British scientists have successfully restored the memory of elderly mice by introducing viruses into their bodies that restore the neuroplasticity of the brain. This discovery could be the first step in the development of treatments for age-related memory loss.
So far, the method has been tested on mice, but scientists are confident that it will be effective in tests on humans.
The brain's ability to learn, adapt, and create memories is influenced by the perineuronal networks. These are the cartilaginous structures that control the level of plasticity in the brain. The networks contain compounds known as chondroitin sulfates. Some of them contribute to neuroplasticity, while others suppress it. As we age, the balance of these compounds changes, so our ability to learn and form new memories decreases. Because of this, memory becomes worse with age.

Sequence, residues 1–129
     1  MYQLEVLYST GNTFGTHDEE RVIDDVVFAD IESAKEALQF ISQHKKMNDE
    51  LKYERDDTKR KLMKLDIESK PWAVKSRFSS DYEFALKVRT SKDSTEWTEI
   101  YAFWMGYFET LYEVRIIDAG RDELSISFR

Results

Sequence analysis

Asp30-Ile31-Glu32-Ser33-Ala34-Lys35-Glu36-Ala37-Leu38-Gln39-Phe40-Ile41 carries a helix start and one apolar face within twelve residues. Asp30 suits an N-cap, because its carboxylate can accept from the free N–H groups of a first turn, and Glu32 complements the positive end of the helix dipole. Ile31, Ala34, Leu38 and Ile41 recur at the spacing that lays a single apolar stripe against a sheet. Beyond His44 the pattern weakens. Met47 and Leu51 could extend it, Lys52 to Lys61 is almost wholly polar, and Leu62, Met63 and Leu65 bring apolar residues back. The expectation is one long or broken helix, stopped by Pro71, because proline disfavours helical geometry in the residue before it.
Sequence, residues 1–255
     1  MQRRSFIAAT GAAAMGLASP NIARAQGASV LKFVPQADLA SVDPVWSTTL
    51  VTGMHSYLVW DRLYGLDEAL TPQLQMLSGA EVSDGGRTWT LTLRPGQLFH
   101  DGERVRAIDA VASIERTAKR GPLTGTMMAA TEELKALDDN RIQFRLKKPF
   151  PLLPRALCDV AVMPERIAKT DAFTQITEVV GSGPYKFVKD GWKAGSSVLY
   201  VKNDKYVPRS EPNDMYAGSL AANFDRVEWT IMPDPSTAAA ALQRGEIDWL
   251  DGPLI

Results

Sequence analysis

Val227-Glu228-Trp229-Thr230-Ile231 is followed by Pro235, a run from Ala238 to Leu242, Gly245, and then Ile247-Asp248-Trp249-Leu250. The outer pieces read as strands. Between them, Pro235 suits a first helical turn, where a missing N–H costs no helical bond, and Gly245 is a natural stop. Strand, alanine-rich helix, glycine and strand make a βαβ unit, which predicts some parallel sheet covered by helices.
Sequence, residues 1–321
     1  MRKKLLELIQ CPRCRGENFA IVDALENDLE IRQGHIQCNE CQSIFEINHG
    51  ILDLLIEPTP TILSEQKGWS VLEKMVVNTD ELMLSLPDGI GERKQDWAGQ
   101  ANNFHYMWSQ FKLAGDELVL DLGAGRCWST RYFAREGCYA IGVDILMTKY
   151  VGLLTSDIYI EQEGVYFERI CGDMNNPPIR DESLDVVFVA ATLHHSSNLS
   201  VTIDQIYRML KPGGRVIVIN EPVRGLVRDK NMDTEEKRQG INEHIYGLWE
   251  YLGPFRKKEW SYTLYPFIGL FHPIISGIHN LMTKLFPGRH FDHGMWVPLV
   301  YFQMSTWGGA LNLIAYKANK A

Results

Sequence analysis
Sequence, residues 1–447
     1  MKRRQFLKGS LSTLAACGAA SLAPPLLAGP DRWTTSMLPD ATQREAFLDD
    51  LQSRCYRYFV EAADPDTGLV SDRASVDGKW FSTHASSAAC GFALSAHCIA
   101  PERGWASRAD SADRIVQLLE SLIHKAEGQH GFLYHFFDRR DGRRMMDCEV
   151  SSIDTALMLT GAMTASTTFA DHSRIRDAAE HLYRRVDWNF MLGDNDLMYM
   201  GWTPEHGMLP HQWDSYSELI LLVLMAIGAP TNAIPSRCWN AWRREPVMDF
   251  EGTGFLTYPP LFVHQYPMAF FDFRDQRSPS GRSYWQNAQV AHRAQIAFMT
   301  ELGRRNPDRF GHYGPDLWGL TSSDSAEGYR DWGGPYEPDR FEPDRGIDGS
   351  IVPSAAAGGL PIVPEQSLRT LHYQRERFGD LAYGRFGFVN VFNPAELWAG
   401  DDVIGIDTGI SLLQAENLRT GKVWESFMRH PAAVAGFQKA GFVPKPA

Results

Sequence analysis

Researchers from the University of Cambridge and the University of Leeds (UK) decided to find out if changes in the composition of chondroitin sulfates in the perineuronal networks can restore neuroplasticity and affect age-related memory loss.
To do this, the team examined one and a half year old mice - at this age they are considered elderly. They had a marked memory impairment compared to young six-month-old mice.
Scientists injected elderly animals with a virus that restores the amount of chondroitin sulfates that increase neuroplasticity. Subsequent tests showed that this completely restored their memory to the level of young mice.
Researchers are now investigating whether this technique can alleviate memory loss in Alzheimer's.